The annual Wealth and Values Survey, conducted in September and October of 2009 by PNC Wealth Management, revealed that 28 percent of Americans said they are giving less, fallout from the recession. Through Harris Interactive, PNC surveyed 1,046 Americans who have at least $500,000 in investable assets.
And independent registered investment advisoes reported in a Charles Schwab survey conducted in January that although 59 percent of their clients will likely save more in the next six months, only 8 percent plan to make more charitable contributions.
The numbers from 2009 support what the surveys are revealing: According to The Chronicle of Philanthropy's annual list of the most-generous donors, there was a dramatic drop in charitable giving in 2009, when $4.1 billion was donated, compared with $15.5 billion in 2008.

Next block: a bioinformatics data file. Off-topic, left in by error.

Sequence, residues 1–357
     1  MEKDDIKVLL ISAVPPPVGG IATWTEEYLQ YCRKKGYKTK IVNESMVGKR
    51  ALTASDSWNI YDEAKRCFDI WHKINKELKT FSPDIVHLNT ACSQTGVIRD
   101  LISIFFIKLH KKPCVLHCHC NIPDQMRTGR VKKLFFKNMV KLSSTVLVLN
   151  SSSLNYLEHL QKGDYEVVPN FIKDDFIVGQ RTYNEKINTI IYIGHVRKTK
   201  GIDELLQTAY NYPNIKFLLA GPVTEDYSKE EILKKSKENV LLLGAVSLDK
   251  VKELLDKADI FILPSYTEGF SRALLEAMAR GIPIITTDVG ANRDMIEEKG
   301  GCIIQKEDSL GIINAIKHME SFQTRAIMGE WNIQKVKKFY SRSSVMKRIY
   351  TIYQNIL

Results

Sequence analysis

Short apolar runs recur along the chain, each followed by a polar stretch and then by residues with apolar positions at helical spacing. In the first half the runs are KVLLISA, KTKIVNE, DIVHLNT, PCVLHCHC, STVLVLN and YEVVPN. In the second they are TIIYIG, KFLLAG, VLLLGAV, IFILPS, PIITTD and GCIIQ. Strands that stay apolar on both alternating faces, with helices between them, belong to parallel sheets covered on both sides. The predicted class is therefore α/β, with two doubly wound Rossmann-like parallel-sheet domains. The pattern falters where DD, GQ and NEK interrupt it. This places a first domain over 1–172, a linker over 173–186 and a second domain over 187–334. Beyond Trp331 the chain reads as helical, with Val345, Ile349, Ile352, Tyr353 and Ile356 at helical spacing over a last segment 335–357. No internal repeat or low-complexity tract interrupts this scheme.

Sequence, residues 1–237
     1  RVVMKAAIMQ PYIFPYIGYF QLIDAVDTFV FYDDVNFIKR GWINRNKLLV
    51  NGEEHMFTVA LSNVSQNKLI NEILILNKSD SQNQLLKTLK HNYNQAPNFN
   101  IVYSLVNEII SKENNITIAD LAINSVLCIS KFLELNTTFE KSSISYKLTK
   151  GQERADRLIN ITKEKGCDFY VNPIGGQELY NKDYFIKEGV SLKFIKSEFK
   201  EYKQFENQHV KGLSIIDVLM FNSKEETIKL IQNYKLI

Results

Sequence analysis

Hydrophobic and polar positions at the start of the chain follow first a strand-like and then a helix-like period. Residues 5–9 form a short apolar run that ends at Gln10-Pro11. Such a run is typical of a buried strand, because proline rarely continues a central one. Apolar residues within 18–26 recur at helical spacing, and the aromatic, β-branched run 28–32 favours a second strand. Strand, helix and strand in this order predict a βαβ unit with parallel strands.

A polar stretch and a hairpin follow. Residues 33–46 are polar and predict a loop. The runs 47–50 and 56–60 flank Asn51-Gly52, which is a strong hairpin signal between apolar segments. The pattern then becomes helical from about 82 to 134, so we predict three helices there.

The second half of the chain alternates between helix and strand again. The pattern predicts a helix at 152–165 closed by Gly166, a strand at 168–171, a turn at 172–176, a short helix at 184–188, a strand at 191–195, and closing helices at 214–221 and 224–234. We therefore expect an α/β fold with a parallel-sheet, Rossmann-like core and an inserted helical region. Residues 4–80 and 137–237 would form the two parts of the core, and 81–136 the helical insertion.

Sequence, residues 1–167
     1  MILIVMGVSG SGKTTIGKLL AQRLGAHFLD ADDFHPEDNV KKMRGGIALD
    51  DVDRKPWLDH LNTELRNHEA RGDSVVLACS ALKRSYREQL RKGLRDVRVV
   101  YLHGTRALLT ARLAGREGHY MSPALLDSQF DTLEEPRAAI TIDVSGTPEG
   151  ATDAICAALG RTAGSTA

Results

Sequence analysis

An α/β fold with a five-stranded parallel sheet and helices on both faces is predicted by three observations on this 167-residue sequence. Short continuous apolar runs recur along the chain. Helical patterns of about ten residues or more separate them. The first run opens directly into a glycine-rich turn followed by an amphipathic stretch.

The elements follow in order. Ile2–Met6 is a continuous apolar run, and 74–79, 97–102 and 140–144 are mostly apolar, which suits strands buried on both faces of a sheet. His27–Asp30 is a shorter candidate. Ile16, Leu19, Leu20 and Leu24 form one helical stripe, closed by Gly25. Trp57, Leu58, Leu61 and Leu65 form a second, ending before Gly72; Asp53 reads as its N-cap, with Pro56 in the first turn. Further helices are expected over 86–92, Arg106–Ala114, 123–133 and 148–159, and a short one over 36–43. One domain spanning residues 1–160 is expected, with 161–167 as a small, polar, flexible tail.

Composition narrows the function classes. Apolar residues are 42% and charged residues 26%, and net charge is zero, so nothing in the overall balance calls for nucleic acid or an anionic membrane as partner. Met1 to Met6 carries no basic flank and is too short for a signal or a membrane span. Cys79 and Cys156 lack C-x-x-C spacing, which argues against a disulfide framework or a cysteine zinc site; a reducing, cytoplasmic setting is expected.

The news isn't good, particularly for the numerous nonprofit aid groups involved in the aftermath of devastating earthquakes in Haiti and Chile. Yet the economy may not have deterred the most serious philanthropists -- in the PNC survey, 55 percent of respondents said they believe giving is a responsibility. That percentage hasn't changed over the last three years of the survey. And both Haiti and Chile have received record amounts of money, partly due to a grassroots effort by average people with a desire to help, and partly due to better use of technology.